Reaction 7.0 Two phase single component equilibrium (ideal binary system) An thermodynamically more advanced application of the Reaction module is its use in the calculation of the equilibrium of pure solid with its liquid under the assumption that this liquid is dissolved in a solvent (some other liquid which is not explicitely given) under the condition of ideal mixing. This situation is reflected in an equilibrium of the type: Me(pure solid,T) = Me (liquid,a(Me) = x(Me),T) In the example Cu is used. A graph for the phase boundary of the ideal liquid in equilibrium with the pure solid is given.
Reaction Computation of Cu liquidus in an ideal binary system: data entry a Cu(solid) = 1, pure solid copper Cu(solid) = Cu(liquid) Your choice of phases: liquid phase from the FACT database; 2 compound databases are included in your data search. a Cu(liquid) = X 7.1
Reaction Computation of Cu liquidus in an ideal binary system: database entry 2. Follow the instructions if you want to include or exclude a database in the data search. 1. To connect databases, click on the Data Search menu, select Databases… to open the Databases dialog box. 3. Follow the instructions if you want to add or remove (and this does not delete) a database from your list. 7.2
Reaction Computation of Cu liquidus in an ideal binary system: tabular and graphical output Calculated activity of Cu(liquid) in equilibrium ( G=0) with pure Cu(solid) at various temperatures T. Liquid Liquid + Solid Liquidus line For an ideal solution: a Cu(liquid) = X Cu(liquid) The 2 specified variables, T and G, are highlighted. Note: When G = 0, the reaction must be isothermal. 7.3
Reaction 8.0 Variable input amounts in non-isothermal reaction and autobalance feature The following example shows how a variable amount for a reactant can be used to simulate an excess of this substance, i.e. its appearance both among the reactants and the products. As an example the combustion reaction CH 4 + (2 + excess) O 2 = CO H 2 O + (excess) O 2 is used. The Alpha variable is introduced to handle the excess amount. In the example is also shown how the autobalance feature can be used to generate stoichiometric coefficient that satisfy the mass- balances automatically.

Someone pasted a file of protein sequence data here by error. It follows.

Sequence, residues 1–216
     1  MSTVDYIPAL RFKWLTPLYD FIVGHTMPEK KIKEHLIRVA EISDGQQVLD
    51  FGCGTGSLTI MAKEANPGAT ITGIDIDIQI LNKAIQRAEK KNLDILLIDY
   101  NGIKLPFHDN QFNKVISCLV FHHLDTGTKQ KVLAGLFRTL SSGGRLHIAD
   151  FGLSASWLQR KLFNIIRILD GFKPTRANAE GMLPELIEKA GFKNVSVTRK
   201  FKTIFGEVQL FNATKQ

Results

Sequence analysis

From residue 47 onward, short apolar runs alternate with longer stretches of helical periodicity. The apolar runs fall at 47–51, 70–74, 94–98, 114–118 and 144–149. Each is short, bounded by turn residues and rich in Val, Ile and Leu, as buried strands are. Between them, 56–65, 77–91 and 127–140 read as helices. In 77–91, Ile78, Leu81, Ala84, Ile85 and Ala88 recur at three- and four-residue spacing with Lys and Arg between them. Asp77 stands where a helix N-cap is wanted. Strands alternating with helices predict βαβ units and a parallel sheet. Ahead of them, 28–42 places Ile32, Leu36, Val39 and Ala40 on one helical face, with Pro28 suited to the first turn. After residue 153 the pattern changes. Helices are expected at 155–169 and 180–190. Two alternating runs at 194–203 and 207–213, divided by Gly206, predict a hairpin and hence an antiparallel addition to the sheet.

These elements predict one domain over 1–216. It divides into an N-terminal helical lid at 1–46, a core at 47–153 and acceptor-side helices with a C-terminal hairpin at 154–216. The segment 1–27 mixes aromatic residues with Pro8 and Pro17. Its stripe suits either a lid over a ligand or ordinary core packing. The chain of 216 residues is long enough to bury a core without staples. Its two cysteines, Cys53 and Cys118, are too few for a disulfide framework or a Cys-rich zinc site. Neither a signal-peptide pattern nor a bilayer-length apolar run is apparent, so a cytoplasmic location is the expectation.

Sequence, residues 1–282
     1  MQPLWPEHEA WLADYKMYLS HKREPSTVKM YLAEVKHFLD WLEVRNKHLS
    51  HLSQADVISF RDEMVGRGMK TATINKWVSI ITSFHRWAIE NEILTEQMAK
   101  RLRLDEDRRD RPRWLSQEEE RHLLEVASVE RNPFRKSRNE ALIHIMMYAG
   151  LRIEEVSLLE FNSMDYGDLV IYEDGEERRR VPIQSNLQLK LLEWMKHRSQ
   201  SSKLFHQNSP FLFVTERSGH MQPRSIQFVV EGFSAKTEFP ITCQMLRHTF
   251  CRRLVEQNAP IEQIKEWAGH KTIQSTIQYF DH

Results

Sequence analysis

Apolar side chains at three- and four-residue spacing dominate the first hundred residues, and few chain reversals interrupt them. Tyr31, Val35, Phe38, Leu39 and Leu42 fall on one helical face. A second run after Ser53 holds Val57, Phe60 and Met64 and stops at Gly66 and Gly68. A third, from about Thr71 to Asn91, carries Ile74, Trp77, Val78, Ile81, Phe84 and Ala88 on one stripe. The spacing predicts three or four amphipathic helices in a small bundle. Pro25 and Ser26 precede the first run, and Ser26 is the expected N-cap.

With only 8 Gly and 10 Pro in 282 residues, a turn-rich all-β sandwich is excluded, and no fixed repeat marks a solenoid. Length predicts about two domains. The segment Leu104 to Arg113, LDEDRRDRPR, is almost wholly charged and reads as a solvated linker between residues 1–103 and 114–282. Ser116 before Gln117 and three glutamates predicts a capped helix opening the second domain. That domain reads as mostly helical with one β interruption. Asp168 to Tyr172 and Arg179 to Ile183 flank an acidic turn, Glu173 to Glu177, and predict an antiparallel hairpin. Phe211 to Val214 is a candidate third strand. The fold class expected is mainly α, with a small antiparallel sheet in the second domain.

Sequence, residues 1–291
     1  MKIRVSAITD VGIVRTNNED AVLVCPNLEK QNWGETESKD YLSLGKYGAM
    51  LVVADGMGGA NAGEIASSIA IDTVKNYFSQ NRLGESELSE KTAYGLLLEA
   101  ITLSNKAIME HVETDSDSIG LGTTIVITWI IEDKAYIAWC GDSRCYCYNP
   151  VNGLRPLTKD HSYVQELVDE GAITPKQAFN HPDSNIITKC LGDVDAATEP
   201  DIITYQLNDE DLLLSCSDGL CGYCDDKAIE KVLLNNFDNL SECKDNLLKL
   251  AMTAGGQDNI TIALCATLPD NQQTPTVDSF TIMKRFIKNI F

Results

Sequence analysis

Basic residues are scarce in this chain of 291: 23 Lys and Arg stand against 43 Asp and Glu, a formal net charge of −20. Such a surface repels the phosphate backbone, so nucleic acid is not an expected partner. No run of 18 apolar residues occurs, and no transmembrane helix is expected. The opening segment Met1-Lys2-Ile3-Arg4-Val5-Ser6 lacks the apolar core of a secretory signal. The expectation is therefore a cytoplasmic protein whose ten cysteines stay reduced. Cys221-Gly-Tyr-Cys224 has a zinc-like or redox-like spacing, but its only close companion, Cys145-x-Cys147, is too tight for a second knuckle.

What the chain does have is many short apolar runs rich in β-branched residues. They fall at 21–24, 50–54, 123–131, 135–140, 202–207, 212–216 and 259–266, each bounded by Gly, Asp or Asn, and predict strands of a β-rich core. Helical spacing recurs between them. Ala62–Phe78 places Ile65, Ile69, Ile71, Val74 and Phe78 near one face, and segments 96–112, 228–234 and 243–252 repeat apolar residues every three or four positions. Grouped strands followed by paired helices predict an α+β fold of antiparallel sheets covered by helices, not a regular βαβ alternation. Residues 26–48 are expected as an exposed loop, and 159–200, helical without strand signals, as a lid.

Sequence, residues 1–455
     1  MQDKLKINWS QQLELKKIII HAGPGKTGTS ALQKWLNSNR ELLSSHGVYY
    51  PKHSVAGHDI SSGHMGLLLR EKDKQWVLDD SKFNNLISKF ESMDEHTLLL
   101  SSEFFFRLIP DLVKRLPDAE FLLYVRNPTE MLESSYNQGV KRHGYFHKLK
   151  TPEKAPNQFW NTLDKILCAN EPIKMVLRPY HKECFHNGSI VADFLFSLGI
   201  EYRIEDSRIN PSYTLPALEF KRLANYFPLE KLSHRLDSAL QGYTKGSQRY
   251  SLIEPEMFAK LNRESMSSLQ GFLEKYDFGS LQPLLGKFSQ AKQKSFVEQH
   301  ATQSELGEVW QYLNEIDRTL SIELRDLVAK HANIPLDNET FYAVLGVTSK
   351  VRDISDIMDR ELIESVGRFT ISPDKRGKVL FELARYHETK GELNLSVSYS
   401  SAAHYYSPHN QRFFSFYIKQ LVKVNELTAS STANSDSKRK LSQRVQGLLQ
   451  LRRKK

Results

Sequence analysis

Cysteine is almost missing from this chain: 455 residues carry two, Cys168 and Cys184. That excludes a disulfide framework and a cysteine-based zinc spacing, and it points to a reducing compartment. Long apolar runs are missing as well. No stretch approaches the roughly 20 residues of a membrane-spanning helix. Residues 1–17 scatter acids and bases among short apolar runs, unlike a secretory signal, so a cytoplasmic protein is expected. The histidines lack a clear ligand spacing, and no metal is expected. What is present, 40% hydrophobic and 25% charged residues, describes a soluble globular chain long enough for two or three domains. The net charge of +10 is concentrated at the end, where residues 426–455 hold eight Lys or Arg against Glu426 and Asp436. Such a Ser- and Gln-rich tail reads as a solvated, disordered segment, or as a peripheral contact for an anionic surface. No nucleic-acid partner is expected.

Reaction Combustion of methane in excess O 2 – data entry The reaction is non-isothermal (except when T = 298 K). Hence: K eq will not appear as a column in the Table window. Setting G = 0 is meaningless ( except when product T = 298 K). Variable quantity The phase of each species is specified. The reactants are at 298 K but the products are at an unspecified T. 8.1
Reaction Combustion of methane in excess O 2 – adiabatic reactions Stoichiometric reaction (A = 2): CH O 2 = CO H 2 O Reaction with excess O 2 (A > 2): CH 4 + (2 + excess) O 2 = CO H 2 O + (excess) O 2 Exothermic reaction Adiabatic reaction: H = 0 Product flame temperature As increases, the flame temperature decreases. Energy is required to heat the excess O
Reaction Heating the products of the methane combustion. Reaction «auto-balance» feature 8.3
Reaction Step wise heat balance in treating methane combustion 2000 K 298 K Different thermodynamic paths, same variation of extensive properties (here H). Overall Process H = J Warming Products H = J Isothermal Reaction Heat H = J 8.4
Reaction 9.0 Pidgeon Process for the Production of Magnesium The following five slides show how various aspects of the Pidgeon process (production of Mg vapor from MgO in a redox reaction with Si) can be treated using reaction thermochemistry.
Reaction Pidgeon Process for the Production of Magnesium MgO-SiO 2 phase diagram: Note: MgO(s) and SiO 2 (s) can not coexist. Equilibrium Mg partial pressure developed at the hot end of the retort Apparatus Schema: Water-cooled vacuum connection also condenses alkalis 1423 K 9.1